37 percent of employees said
that they would leave their current job if they were not able to learn new skills or receive training.
The 2019 report on the Future of Work and Employee Learning by The Sitel Group that analyzed 1,200 U.S. employees had some baffling statistics but we’re asking you, is it really all that surprising?
Would you want to stay at a company where you weren’t growing anymore? A company that no longer stimulated your thinking or challenged you?
It has not been said enough but there is a growing need for organizations to invest in their people through training and development. By offering your employees the opportunity to grow, learn, and discover new skills, you would have enabled them to help your company do the same.
Think about it. When you learn and grow, you also need a place to execute and turn your training into something practical and actionable. By teaching them, investing in them, you are really investing in your company because they take their learning and use it to benefit and better their work, which ultimately benefits your company.
Your investment in them would lead to the success of your company.
We know that workers need to grow and learn beyond just being engaged or motivation but because it helps them do their jobs better. So why isn’t this a common practice at companies?
It could have something to do with employees not asking to learn a new skill either because admitting that they lack the skill or need more training on a specific topic or activity may lead to looking incompetent. Sitel Group’s report actually found that “46 percent of employees believe their employer penalizes them for not having certain skills on the job.”
It can be seen that both the employer and employee could use some perspective.
Based on the study, here a few key stats and facts that could help both sides gain insight into how they could approach learning a new skill or asking for the opportunity to do so.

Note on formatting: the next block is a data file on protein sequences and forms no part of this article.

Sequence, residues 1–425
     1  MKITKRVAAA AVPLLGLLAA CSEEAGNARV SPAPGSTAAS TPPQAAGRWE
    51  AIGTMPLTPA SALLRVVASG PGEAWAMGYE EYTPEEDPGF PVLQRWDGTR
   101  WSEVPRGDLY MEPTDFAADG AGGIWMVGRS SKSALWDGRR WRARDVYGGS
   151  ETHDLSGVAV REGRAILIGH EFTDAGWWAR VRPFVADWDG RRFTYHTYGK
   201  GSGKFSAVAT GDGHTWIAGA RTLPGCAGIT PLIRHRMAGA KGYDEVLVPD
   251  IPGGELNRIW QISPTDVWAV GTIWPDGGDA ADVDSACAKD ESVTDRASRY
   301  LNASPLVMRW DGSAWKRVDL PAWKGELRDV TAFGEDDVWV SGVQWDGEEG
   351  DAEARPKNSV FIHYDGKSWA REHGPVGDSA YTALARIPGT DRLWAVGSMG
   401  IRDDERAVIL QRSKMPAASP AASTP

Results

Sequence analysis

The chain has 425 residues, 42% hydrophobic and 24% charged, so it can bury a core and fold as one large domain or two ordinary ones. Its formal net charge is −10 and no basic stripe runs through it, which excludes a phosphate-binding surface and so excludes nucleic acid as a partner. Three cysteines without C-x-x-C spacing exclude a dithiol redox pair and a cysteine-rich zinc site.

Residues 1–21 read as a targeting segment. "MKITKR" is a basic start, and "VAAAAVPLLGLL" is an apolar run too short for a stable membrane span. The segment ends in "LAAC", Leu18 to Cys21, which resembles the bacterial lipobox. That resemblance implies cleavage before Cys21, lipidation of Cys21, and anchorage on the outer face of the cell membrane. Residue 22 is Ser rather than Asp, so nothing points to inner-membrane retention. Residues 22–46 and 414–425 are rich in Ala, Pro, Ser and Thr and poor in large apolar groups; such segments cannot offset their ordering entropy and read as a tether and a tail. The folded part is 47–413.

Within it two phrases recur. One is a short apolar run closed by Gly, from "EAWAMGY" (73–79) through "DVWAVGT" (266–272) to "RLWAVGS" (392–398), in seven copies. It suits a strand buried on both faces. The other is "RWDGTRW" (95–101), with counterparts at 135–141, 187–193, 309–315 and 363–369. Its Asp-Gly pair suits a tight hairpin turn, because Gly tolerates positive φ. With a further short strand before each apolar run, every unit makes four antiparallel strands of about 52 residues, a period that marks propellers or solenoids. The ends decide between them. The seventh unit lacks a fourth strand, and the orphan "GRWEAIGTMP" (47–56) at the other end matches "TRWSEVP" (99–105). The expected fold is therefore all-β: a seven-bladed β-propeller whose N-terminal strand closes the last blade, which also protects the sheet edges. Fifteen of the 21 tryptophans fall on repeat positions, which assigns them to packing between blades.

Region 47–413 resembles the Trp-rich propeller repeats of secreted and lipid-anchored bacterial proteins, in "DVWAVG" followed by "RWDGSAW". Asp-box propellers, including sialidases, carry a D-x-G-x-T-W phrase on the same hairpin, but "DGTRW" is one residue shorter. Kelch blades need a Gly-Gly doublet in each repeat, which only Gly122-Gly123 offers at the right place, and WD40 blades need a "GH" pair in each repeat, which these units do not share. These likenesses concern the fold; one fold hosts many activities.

- “92 percent of U.S. employees say learning something new on the job makes them more motivated and engaged in their work”
- “79 percent of employees say when searching for a job, it is important to them that the employer offers a formal training program to their employees”
- “83 percent of employees find on-the-job training most effective in helping them perform well in their job, compared with classroom-based training, self-paced training (i.e., e-learning), and more”
- “33 percent of employees say they have participated in past training on technology skills, while only 17 percent say they’ve participated in management skills training”
- “More than half (51 percent) of employers don’t offer soft skills training (i.e., how to speak to a customer or client effectively)”
- “68 percent of employers don’t incentivize or reward employees for completing training(s)”
- “Nearly eight in 10 employees (79 percent) say when searching for a job, it is important to them that the employer offers a formal training program to employees”
A well-designed learning and development initiative not only should be a top priority to value the employee as a person but employers need to understand that learning and development impact overall employee experience, subsequently impacting the company.
According to Mike Small, CEO-Americas of the Sitel Group, “A good employee training program will not only help you retain and attract top talent, but it will also absolutely affect your organization’s ability to provide optimal experiences for your customers.”